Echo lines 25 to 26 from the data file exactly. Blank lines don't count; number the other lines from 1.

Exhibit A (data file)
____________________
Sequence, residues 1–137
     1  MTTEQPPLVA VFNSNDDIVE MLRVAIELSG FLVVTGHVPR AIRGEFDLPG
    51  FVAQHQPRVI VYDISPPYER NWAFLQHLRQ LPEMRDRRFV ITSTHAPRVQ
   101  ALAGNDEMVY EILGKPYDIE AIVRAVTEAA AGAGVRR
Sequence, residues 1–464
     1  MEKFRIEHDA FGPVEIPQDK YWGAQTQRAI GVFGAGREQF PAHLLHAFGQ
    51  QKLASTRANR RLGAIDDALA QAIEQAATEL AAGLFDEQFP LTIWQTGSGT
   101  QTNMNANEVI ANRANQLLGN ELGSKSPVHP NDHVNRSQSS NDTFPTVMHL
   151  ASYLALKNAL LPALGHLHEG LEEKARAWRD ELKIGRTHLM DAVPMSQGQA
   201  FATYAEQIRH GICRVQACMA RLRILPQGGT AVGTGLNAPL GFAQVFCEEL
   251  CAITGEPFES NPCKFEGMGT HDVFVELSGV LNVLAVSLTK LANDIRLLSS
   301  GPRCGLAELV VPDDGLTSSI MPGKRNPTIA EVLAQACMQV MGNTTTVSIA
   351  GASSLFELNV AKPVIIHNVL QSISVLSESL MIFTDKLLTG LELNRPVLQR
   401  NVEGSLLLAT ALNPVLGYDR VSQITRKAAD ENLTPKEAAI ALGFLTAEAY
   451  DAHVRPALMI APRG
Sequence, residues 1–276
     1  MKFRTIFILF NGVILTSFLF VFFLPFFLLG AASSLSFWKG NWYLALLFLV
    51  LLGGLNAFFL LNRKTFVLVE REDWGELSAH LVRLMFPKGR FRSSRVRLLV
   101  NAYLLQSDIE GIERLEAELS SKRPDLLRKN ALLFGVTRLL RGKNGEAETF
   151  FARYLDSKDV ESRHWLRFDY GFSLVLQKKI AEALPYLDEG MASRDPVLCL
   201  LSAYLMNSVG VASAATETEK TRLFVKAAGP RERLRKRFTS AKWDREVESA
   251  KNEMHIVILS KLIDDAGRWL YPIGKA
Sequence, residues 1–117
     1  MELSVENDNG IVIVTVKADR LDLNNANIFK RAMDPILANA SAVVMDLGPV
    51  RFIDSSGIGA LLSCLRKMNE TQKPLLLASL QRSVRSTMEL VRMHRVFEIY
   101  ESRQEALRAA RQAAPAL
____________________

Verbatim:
    51  RFIDSSGIGA LLSCLRKMNE TQKPLLLASL QRSVRSTMEL VRMHRVFEIY
   101  ESRQEALRAA RQAAPAL